And boy did they smoke. The screens becomes almost claustrophobic with cigarette smoke at times. Everyone smoked back in those days, or nearly everyone. My buddy who first told me about the show was from a military background and apparently his parents were non-smokers. He told me he found the amount of cigarette smoking done on the show to be off-putting - it was simply too much. It doesn't bother me because I come from a world in which everyone smoked. I grew up in that world. My mother didn't smoke but she was the only one - I remember my mother's uncle (Uncle Fred, long gone now, and one of my favorite people) once telling me that she was the only person in the entire extended family who didn't smoke. Same on my father's side. We all smoked. So the world of Mad Men does not seem far-fetched or exaggerated to me in that aspect whatsoever. Smoking was cool; it was glamorous. Take the cigarettes out of Mad Men and it loses that glamour.
Mad Men is much more than an anthropology lesson though - I hope I haven't given that impression. The acting is marvelous, the story lines are quirky and surprising, and it has lots of excellent characters. Don Draper is clearly the most interesting; the man with a past he's trying to escape. I think of The Great Gatsby when I think of Draper - the American story of escaping the world you were born into, remaking yourself into what you want to be, limited only by your own ability and imagination. And Draper is a man of immense ability and large imagination. As portrayed by Jon Hamm, he's a riveting presence on the screen, the kind of man other men want to be like, and women want to be with. I'm looking forward to season two of this excellent series with great anticipation.
Sunday, July 20, 2008
Dial M doesn't measure up to the best of Hitch but it will do. I was intrigued by (spoiler alert!) the plot the Ray Milland character devises to kill his unfaithful wife, Grace Kelly, and even more intrigued by how, after she kills the intruder who is supposed to kill her, he sets her up to make it seem like premeditated murder. And, of course, the Milland character almost get away with it. You know all along he won't, just as you know Grace Kelly won't end up in the gas chamber. What you don't know is what will trip him up in the end. It's fun - not hugely entertaining like the best of Hitchcock, but well worth staying up late for.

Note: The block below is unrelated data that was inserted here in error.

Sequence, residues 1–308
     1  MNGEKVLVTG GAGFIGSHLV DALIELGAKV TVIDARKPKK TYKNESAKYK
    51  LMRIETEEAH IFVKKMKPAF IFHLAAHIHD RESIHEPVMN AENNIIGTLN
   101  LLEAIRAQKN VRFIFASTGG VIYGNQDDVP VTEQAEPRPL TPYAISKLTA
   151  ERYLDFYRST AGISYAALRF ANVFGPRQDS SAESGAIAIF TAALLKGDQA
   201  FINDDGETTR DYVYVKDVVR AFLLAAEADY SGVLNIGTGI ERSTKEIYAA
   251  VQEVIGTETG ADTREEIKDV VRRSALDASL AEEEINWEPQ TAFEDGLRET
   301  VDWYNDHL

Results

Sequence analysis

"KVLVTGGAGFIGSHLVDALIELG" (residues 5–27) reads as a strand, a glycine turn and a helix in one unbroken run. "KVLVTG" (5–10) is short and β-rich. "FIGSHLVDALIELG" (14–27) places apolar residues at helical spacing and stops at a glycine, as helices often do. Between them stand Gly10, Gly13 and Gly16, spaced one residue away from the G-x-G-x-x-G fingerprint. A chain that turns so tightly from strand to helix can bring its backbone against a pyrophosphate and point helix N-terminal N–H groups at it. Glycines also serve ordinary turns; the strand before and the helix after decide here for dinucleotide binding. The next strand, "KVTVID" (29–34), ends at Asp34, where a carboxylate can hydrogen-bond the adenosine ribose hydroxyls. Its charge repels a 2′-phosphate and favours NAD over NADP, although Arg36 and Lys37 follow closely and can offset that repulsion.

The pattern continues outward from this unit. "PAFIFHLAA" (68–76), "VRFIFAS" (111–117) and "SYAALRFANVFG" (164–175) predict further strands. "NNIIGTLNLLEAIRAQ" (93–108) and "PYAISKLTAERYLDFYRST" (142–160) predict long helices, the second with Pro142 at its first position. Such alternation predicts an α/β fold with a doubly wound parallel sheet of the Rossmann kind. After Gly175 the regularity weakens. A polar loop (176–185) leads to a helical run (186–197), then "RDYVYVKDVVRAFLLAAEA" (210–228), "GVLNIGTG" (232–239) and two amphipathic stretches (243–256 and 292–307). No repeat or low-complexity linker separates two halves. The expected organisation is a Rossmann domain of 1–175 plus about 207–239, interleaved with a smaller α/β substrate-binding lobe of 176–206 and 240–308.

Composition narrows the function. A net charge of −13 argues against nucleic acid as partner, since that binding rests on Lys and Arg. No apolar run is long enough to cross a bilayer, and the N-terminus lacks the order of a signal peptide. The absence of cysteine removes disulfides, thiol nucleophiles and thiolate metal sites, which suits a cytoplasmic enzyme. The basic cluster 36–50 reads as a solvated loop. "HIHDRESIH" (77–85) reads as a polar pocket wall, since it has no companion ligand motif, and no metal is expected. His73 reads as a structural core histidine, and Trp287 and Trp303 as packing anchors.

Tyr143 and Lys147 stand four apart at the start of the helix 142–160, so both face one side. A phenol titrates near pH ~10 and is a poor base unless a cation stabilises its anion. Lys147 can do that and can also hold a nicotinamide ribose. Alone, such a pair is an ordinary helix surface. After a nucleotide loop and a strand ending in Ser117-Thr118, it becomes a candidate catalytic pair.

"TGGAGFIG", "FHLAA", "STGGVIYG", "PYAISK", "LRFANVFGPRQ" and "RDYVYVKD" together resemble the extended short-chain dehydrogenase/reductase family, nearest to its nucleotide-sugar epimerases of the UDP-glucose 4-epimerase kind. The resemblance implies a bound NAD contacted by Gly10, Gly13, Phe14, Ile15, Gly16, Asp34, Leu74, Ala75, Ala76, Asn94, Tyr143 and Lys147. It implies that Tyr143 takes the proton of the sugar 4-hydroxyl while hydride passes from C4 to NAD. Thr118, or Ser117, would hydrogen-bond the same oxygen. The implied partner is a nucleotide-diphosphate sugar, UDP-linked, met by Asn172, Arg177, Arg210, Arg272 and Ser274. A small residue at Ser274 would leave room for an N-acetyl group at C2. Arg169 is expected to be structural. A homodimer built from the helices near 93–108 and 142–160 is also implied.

The question that kept nagging me the whole way through was this: why would Grace Kelly cheat on Ray Milland with so bland a fellow as Robert Cummings? Milland was suave, debonair, witty, charming. A bit of a cad perhaps, but a lot of woman like cads, just as, as a moviegoer, a lot of us like woman who like cads. Anyhow, Robert Cummings is such a zero that it is hard to believe she'd find something appealing about this guy. We lose respect for her. The movie would have worked much better if Cummings were the cuckolded husband and Milland were the lover. We could understand Grace Kelly making a mistake of marriage to a nonentity, and as a result we could much better understand an affair with the sophisticated Milland. Furthermore, the smallness, the nothingness, of Cummings would have made his getting caught in the end much more satisfying; we would feel he got what was coming to him and the two people who belonged together - the ravishingly beautiful Grace Kelly and the charmer Milland - were now free to do so. Instead, we're almost sorry Milland doesn't get away with it.